# The Work and Energy Principle for a Particle

As stated in the previous section, the **Principle of Work and Energy** can be boiled down to the idea that the work done to a body will be equal to the change in energy of that body. Dividing energy into kinetic and potential energy pieces as we often do in dynamics problems, we arrive at the following base equation for the conservation of energy.

\[W=\Delta KE + \Delta PE\] |

In the equation above, it is important to notice that unlike Newton's Second Law, the work and energy equations are **not** vector equations. They do not need to be broken down into components which will simplify the math, however, with only single equation we can only solve for a single unknown. This tends to be the limiting factor when using work and energy methods.

## Solving Work and Energy Problems

To solve work and energy problems, we will need to first clearly define the initial state and the final state. Drawing a diagram that clearly shows each of these can be a useful first step. These are not free body diagrams as we used in the last chapter, but they do serve the same purpose in that they are a step towards setting up our equations.

After clearly defining the initial and final states, we will start plugging values into our work and energy equation. Add a work term for any external force acting on the system between the initial and final states (excluding gravity forces and spring forces). Determine the kinetic energy in the initial state and the final state and plug those into the equation, if there is a change in height plug in change in gravitational potential energy terms, and if there are any springs plug in any elastic potential energy terms.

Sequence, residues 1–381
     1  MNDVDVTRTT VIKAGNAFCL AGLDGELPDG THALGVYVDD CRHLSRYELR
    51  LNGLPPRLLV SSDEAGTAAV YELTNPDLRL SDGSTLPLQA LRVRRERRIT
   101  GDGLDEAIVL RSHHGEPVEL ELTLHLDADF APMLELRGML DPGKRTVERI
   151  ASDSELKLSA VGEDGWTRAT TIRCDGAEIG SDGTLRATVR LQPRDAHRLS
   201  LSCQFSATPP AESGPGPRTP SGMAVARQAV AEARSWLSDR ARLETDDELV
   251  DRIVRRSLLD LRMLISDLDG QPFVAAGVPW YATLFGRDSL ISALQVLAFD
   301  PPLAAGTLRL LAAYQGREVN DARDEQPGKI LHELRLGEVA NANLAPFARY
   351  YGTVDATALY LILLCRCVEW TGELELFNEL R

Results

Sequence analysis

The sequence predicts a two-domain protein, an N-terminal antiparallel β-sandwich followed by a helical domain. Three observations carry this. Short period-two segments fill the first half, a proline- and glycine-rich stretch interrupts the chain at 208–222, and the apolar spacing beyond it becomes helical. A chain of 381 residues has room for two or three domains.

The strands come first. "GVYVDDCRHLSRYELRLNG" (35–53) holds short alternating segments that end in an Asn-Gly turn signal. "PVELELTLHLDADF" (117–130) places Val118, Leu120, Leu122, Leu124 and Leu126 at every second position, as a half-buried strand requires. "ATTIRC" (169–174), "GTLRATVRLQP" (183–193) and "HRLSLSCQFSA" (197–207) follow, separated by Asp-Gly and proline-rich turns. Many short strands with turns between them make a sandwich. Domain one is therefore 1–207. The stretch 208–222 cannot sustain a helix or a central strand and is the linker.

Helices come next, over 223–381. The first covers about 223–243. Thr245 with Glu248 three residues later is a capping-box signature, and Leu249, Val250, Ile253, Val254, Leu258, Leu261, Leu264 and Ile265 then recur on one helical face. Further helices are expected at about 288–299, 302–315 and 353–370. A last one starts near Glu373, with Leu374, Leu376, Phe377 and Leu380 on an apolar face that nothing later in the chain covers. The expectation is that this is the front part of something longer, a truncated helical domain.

After plugging in all the terms, you should hopefully have only a single unknown value that you can solve for. If you have more than one unknown, you may need to use geometry, kinematics, or dependent motion analysis to relate the unknowns that you do have.

After putting all the terms into the work and energy equation and ensuring that there is only a single unknown, you will simply need to use algebra to solve for the unknown in the equation.

## The Conservation of Energy

In the subset of work and energy problems where there is **no external work** done to the body (again excluding gravity and springs), we can eliminate this term from the equation. Instances such as this are known as **conservation of energy** problems, since the initial and final energies as a whole must be equal to one another.

\[KE_i + PE_i =KE_f + PE_f\] |

Conservation of energy problems are solved in the same manner as other work and every problems, by setting up a diagram, plugging values into your equation, and solving for the unknown. The only difference is that we need to be sure that there are no external forces doing work on the body, and that we use a different base equation.